The problem lies in the way HMRC applies the ‘personal allowance’ when you have more than one source of income. Your ‘personal allowance’ is the amount you can earn tax-free and, in some cases, HMRC applies it only to income from one source; for example, a part-time job. HMRC then taxes other sources of income, such as a personal pension, at the full rate. 

This means that even if your total income is below the personal allowance of £12,500, HMRC assumes you have already used your allowance for one income source and disregards it for other sources.

Tax take 
Individuals are being urged to check their tax code to ensure that they are paying the correct amount, and to apply for a refund if they have been overtaxed. In some cases, overpayment of tax could have been going on for many years – so some diligence is needed.

“Most people are understandably baffled by the whole system of tax codes,” says Sir Steve Webb, former minister of state for pensions. “Employers and pension providers are issued with tax codes by HMRC and we generally assume they must be right.”

However, HMRC is not infallible, and Webb highlights the importance of individuals knowing how to spot mistakes with their tax code and to get things put right. “Although computerization of tax records is designed to help improve things, I have no doubt that there are many people still paying the wrong amount of tax.” 

Paddy Millard MBE, founder of the charity Tax Help for Older People, shares some of Webb’s concerns.

“Tax codes are probably one of the biggest single causes of confusion and problems among the people who contact us via our helpline,” he says. “People should not simply assume that HMRC have got things right, but should check to ensure they are paying the right amount of tax.”

HMRC certainly believes its record is strong in this area, as a spokesman for the department recently made clear: “The overwhelming majority of tax codes are accurate, based on information provided to us.”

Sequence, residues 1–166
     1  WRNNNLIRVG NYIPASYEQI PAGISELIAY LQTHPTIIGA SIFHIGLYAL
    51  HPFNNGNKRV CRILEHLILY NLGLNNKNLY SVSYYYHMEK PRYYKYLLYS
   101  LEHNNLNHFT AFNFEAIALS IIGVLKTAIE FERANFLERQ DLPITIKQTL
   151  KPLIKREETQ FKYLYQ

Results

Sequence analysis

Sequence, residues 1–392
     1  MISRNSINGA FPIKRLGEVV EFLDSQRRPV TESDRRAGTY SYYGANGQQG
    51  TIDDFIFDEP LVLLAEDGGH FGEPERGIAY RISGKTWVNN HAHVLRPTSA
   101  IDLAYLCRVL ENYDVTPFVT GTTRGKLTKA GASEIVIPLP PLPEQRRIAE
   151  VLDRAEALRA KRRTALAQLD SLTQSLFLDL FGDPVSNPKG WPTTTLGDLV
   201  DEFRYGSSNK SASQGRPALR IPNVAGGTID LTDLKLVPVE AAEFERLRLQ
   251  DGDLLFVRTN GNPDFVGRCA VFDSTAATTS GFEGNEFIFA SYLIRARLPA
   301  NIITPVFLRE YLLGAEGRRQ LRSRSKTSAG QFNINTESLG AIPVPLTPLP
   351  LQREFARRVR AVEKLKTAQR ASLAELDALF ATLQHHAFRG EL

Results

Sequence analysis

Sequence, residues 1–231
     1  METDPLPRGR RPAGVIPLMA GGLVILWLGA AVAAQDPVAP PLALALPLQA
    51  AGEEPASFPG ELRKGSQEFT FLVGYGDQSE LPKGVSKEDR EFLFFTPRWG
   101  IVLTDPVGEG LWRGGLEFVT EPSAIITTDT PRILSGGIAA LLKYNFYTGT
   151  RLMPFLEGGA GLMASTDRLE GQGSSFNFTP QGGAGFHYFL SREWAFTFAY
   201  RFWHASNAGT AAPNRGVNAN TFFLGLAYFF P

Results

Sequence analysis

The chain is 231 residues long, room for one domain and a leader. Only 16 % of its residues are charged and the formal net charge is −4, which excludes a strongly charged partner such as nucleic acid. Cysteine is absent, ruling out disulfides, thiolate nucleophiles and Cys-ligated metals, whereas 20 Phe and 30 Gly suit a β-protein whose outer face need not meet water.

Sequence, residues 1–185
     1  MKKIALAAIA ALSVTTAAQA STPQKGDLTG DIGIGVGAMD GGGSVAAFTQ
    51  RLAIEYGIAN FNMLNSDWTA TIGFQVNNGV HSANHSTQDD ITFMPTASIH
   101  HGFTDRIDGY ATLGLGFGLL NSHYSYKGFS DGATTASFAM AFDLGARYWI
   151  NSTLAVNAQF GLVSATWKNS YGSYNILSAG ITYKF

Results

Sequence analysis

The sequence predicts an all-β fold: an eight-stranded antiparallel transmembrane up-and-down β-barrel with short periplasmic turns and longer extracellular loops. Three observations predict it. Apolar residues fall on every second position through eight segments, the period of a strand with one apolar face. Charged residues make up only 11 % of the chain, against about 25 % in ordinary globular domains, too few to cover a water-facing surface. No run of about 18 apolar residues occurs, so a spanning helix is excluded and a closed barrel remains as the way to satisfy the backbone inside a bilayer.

Nevertheless, it is crucial you check your tax codes to ensure you are paying only what is due, as mistakes are far from impossible.

If you have a Government Gateway account, you can check you are paying the right amount of tax using HMRC’s online service. Alternatively, you can write to them, or phone on 0300 200 3300.

1, 2 HMRC, January 2020
, 3, March 2020

4 Royal London, April 2017

To receive a complimentary guide covering wealth management, retirement planning or Inheritance Tax planning, contact Amy Shepherd Financial Planning on 07539 490854 or email


Letting your heir down?

Britons are ignoring estate planning tools that could help them to pass on more of their estate to the next generation.

Over recent years, property inflation and rising asset values have combined to push a higher proportion of estates over the nil-rate band for Inheritance Tax (IHT). The residence nil-rate band helps to a degree, but with the IHT threshold frozen at £325,000 per individual, and government receipts still rising, to £5.4 billion per year in the latest figures1, and £10 billion by 20302, IHT is not a tax just for the rich – or even moderately wealthy.

Despite the fact that more estates are paying IHT, there are ways to prevent families paying over the odds. For example, those with sufficient assets to trigger an IHT liability when they pass away could use the exemption which allows anyone to give away up to £3,000 worth of gifts each tax year without them being included in the value of their estate.

However, according to surveys by Canada Life, only a fifth of respondents aged 45 or over with assets worth more than £325,000 said they had gifted money3, and over half do not know that ISAs are liable for IHT4, which could result in their families paying more IHT than they need to. 

Another way to minimise the impact of IHT is to take out a ‘whole of life’ insurance policy. This pays a lump sum on death, and when the policy is written in trust, the pay-out can help offset or eliminate an IHT bill. Yet nearly three quarters of those with a potential IHT liability said in the Canada Life study that they didn’t see a need to use life insurance, indicating an acute lack of understanding.5

The research also revealed that 77% of people think IHT rules are too complicated; yet only 33% have sought professional advice on IHT planning. Of those who sought advice, 42% wisely spoke with a professional financial adviser.6

Heir care
Whilst inertia and ignorance of estate planning is good news for the Treasury, which relies on it to ensure its tax receipts, the widespread lack of knowledge will worry many potential heirs. But taking the appropriate advice can go a long way to alleviating those concerns.

A financial adviser can help families with the transfer of wealth in an orderly and tax-efficient manner, establishing trusts, life insurance and so on, while also ensuring that the person who is arranging their estate has enough income to maintain their normal standard of living.